RHETORICS, COMMUNICATION, AND INFORMATION DESIGN — Cynthia Haynes gave the keynote address to the North Texas Gaming Symposium (NTX) hosted by Texas Christian University on March 20. Her talk, “End Game Racism: MMORPG’s ‘Crusader’ Narrative, the Walkthrough,” focused on how the crusader narrative in video games has been taken up by white supremacists and become fodder for racist gamers. Through an analysis of the Norwegian massacre of 2011, and Anders Behring Breivik’s use of World of Warcraft to stimulate his theorycraft for playing the game as well as for planning the Oslo bombing and massacre on the island of Utøya, Haynes concludes that her own gameplay is called into question as a potential game “walkthrough” itself and sets about to re-write an endgame that recalibrates the potential reduction of racist values.

ENGLISH — Walt Hunter gave the guest lecture for the Transhistorical Anglophone Literary Studies group at the Universidad de Alicante on March 18. He spoke on the topic of “The Place of Poetry.”

PHILOSOPHY AND RELIGION — Elizabeth Jemison was interviewed by the New Books Podcast Network in connection with her recent book, “Christian Citizens: Reading the Bible in Black and White in the Postemancipation South.” The March 31 podcast can be heard here. Jemison also was interviewed by The Anxious Bench on in a March 11 article, “Christian Citizenship in Black and White.”

ARCHITECTURE — Anjali Joseph, David Allison, and doctoral student Rutali Joshi, along with other researchers from the Center for Health Facilities Design and Testing, published an article in HERD: Health Environments Research and Design Journal: “Emergency Physicians’ Workstation Design: An Observational Study of Interruptions and Perception of Collaboration During Shift-End Handoffs.”

PEARCE CENTER — On March 31, the Pearce Center hosted for selected faculty a virtual workshop presented by the Alan Alda Center for Communicating Science. “The Essentials!” workshop focused on strategies and techniques to help faculty presenting their research to non-specialist audiences, including grantees, collaborators in other fields, and public audiences. Aimed at research scientists and practitioners who want to help others explore science and its significance, attendance was limited to 16 participants who self-nominated or were nominated to apply by their department chairs and/or associate deans for research. At least one faculty member from every college on campus attended the workshop, including Anjali Joseph, Director of the Center for Health Facilities Design and Testing. Other Clemson faculty who participated in the workshop and their colleges include: Aby Sene Harper (CBSHS), Amy Scaroni (CAFLS), Barbara Campbell (COS), Carl Blue (COB), Christopher Eck (CAFLS), Faiza Jamil (COE), Jane DeLuca (CBSHS), Jessica Larsen (CECAS), Karen High (CECAS), Kumar Venayagamoorthy (CECAS), Lea Jenkins (COS), Lesly Temesvari (COS), Rhys Hester (CBSHS), Scott Husson (CECAS) and Shanna Hirsch (COE).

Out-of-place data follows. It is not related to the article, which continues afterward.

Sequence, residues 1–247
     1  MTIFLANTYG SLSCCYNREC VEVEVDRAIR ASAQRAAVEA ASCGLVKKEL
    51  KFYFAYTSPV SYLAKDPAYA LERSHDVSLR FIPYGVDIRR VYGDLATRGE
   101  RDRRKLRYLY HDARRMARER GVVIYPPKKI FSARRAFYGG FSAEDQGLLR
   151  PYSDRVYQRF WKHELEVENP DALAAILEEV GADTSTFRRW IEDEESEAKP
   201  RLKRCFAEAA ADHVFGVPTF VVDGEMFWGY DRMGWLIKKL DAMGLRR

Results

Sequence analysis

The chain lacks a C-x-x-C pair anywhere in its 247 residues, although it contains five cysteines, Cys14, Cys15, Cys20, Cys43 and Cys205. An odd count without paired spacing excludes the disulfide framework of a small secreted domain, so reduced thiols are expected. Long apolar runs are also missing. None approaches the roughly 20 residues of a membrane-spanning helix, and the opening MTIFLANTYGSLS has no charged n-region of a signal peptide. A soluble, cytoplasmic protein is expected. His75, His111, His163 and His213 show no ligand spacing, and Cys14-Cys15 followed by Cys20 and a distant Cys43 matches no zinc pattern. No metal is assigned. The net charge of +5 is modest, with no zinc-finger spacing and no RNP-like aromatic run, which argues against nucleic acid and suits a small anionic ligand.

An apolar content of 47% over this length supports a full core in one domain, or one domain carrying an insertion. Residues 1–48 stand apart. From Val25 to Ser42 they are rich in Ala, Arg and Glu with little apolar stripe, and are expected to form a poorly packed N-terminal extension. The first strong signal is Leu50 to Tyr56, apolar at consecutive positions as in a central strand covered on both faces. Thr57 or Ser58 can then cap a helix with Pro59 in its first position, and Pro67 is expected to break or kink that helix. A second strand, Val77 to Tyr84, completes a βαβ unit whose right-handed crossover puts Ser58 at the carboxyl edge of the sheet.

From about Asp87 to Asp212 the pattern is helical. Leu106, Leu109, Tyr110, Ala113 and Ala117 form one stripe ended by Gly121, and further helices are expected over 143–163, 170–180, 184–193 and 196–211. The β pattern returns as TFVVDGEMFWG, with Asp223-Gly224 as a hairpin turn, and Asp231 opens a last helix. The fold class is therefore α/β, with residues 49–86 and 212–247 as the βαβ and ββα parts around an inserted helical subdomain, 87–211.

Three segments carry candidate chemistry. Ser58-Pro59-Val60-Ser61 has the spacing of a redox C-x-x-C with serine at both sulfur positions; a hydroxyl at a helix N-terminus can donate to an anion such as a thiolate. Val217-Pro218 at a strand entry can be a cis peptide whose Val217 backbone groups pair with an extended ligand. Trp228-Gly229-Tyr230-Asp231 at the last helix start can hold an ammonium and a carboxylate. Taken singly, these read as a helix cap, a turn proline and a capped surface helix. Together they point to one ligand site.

ENGLISH — Amy Monaghan presented a paper at the 2021 Society of Cinema and Media Studies virtual annual conference, “The Commercial Sofia Coppola: Advertisements for Herself and Others,” on March 18 via the SCMS conference platform.

PERFORMING ARTS — Lisa Sain Odom won the 2021 National Association of Teachers of Singing Foundation Pedagogy Award. The award will support Odom’s attendance at the 2021 Voice Pedagogy Institute at Rider University this July. Odom was also selected as a master class clinician for the Mid-Atlantic National Association of Teachers of Singing Region Workshop where she worked virtually with two students from the region, providing feedback and suggestions for improved performance. (See her working with students via Zoom here and at 53:15 here.) Also in March, Odom presented a conference session, “Making the Cut: Your Perfect Musical Audition Cut” for the 2021 Southeastern Theatre Conference (virtual) and held a live Q&A on the subject on March 3rd.

LANDSCAPE ARCHITECTURE — Original research (three projects) by Mary G. Padua, and Xiaotong Liu, recent graduate of the Planning, Design and the Built Environment Ph.D. program, who also received her Clemson Master of Landscape Architecture degree in 2016, were selected out of around 250 submissions for virtual delivery at the 2021 annual conference of the Council of Educators in Landscape Architecture (CELA), March 16 -19. For the “History, Theory and Culture” conference track, Padua presented her sole-authored paper titled, “The ‘Sacred’ and ‘Profane’: Contemporary Gaze of South Carolina’s Vernacular Landscape,” part of her larger ongoing research project called the “American Experiment: Through the Lens of South Carolina’s Cultural Landscape,” funded by the Clemson Architectural Foundation. For the “Landscape Architecture for Health” track, Padua, with Liu as second author, presented “Health-based Axioms: Postulating Adaptive Strategies for Universal 21st Century Outdoor Environments” and in the same track, Padua was second author to Liu who presented “Nature As Restorative Resource for Pre-School Children: A Comparative Case Study in Childcare Centers.”